GOFFA also provides two novel methods to visualize and interpret results—GOPath and GO TreePrune.
Running GOFFA requires an Internet connection and Java Runtime Environment (JRE) 1.6 or greater installed. To install or upgrade Java please visit the Oracle Java website .
Citation - Please cite the following for publications that incorporate analysis using GOFFA:
Sun, H. Fang, H. Chen, T. Perkings, R. and Tong, W. "GOFFA: Gene Ontology For Functional Analysis - Software for gene ontology-based functional analysis of genomic and proteomic data." BMC Bioinformatics. 7(Suppl 2):S23, 2006.
Please e-mail NCTRBioinformaticsSupport@fda.hhs.gov with any questions or problems running GOFFA.
One of the main uses of the GO is to perform enrichment analysis on gene sets. For example, given a set of genes that are up-regulated under certain conditions, an enrichment analysis will find which GO terms are over-represented (or under-represented) using annotations for that gene set.Enrichment analysis tool
Users can perform enrichment analyses directly from the home page of the GOC website. This service connects to the analysis tool from the PANTHER Classification System. which is maintained up to date with GO annotations. The PANTHER classification system is explained in great detail in Mi H et al, PMID: 23868073. The list of supported gene IDs is available from the PANTHER website.Using the GO enrichment analysis tools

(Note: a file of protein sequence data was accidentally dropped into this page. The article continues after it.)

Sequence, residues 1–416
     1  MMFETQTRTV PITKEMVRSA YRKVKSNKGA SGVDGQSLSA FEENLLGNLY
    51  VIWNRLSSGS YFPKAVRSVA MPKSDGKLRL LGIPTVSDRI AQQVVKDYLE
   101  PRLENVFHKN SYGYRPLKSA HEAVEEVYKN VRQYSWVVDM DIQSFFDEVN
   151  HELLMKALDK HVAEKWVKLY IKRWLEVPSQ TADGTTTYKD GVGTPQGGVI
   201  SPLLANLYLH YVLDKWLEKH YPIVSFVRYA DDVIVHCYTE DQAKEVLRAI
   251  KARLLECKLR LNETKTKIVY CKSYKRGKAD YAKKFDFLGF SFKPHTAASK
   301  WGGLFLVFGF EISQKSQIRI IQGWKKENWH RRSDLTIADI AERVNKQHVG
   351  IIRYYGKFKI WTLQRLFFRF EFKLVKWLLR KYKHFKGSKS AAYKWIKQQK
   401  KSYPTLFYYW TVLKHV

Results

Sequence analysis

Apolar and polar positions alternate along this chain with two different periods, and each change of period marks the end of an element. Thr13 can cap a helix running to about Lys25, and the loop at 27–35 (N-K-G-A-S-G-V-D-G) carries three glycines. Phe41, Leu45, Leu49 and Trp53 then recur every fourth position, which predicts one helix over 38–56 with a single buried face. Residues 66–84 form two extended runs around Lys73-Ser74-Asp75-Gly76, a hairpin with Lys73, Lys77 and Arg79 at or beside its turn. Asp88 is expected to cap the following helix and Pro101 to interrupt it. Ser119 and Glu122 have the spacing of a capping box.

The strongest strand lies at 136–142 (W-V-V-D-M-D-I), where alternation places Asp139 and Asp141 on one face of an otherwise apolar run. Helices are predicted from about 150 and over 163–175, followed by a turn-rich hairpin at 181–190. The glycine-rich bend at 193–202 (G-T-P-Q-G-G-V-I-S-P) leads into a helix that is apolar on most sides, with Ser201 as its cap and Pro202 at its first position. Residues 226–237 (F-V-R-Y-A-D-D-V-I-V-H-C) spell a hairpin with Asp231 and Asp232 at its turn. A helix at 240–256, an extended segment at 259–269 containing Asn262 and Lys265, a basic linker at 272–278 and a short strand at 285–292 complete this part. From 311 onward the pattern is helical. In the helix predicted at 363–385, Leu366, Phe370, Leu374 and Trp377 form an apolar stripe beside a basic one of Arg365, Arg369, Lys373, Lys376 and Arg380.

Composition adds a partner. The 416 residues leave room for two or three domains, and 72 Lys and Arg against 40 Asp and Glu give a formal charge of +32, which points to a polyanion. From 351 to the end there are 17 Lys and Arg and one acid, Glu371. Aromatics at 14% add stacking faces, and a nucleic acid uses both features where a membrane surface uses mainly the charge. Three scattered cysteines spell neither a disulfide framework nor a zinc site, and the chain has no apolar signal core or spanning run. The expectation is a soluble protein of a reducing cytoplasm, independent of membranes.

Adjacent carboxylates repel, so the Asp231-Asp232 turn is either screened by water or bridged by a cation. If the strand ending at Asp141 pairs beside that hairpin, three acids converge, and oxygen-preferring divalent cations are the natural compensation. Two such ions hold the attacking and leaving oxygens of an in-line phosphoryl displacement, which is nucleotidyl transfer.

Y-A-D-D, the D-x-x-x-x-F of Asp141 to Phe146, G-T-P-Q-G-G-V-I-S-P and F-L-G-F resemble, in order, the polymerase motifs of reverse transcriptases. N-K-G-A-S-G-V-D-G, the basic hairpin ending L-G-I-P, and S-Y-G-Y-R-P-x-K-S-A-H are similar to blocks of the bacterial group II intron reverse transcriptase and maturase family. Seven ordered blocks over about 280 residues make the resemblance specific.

First, paste or type the names of the genes to be analyzed, one per row or separated by a comma. The tool can handle both MOD specific gene names and UniProt IDs (e.g. Rad54 or P38086). Second, select the name of the species (e.g. S. cerevisiae or H. sapiens ) from the Species pull down and the ontology where you want to calculate the enrichment (biological process, molecular function, or cellular component). To minimize search time, the tool searches only one ontology at a time.Interpreting the Results Table
The results page displays a table that lists significant shared GO terms (or parents of GO terms) used to describe the set of genes that users entered on the previous page, the background frequency. the sample frequency. Expected p-value. an indication of over/underrepresentation for each term, and p-value. In addition, the results page displays all the criteria used in the analysis. Any unresolved gene names will be listed on top of the table.Background Frequency and Sample Frequency